A later ACD revokes a former one (s 20).
There is no set format for an ACD.
The Victorian Government Department of Health and Human Services has developed a standard form that can be filled-in and used as an ACD; this is available on the OPA’s website (www.publicadvocate.vic.gov.au).
You can apply to VCAT to determine disputes about:
• the meaning or interpretation of an ACD;
• the continued applicability of an ACD;
• the validity of an ACD;
• the decision-making capacity of the person who made an ACD.
An ACD can be made about medical treatment for a mental illness.
An ACD relating to a person’s mental illness could indicate the person’s values, and their instructions and preferences for treatment.
However, a person’s instructional directive is not binding if the person becomes subject to compulsory treatment.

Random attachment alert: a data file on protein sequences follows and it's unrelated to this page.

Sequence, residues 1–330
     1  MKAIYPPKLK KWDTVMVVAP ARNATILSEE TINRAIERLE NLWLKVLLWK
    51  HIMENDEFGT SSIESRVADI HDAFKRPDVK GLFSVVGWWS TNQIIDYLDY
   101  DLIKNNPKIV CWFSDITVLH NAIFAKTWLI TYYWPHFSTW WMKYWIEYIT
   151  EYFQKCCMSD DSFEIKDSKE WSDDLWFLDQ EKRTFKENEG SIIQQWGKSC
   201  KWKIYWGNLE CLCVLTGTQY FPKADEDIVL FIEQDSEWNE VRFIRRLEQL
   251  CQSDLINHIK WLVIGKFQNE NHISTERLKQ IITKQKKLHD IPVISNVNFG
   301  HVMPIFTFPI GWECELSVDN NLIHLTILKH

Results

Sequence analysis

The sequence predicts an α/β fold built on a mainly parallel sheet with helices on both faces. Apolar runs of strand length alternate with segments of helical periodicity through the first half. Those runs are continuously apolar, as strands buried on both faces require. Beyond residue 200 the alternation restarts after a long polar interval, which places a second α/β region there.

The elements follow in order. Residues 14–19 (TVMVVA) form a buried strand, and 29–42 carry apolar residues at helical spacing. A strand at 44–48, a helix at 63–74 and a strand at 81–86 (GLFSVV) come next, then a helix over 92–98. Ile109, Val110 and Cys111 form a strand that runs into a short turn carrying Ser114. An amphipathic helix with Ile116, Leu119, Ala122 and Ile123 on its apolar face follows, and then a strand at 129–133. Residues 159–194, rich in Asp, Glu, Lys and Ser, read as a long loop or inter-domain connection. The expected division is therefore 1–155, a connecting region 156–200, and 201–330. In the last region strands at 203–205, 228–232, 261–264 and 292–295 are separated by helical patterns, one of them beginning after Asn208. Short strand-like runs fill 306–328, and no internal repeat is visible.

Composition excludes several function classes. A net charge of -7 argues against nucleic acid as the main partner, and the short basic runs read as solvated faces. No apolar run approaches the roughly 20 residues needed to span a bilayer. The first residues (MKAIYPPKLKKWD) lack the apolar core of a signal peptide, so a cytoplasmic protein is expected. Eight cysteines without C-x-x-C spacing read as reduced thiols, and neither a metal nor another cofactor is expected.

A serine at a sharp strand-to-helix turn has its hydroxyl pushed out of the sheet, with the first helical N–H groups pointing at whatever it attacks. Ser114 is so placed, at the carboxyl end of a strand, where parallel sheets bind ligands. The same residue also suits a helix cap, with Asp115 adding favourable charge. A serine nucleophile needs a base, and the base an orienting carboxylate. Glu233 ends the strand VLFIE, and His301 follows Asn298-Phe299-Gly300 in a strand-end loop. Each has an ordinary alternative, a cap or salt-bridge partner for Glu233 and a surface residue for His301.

Nonetheless, the psychiatrist treating the person must consider the person’s views and treatment preferences, as outlined in their ACD (s 71 Mental Health Act 2014 (Vic) (“MH Act”)).
An ACD is different from the MH Act’s “advance statement”. In an advance statement, a person can set out their treatment preferences in the event that they become a compulsory patient.
Types of medical treatment decision-makers
There are two types of medical treatment decision-maker (MTDM):
1 those who are appointed;
2 those who have a close and continuing relationship with the person.
A child’s MTDM is their parent or guardian or another person who has parental responsibility for the child, who is also reasonably available, willing and able to make the decision (s 55 MTPD Act).
The MTPD Act permits an adult to appoint one or more MTDM. The first MTDM on a person’s list is the first one called upon. If that person is not available, willing and able, the second MTDM on the list is called, and so on.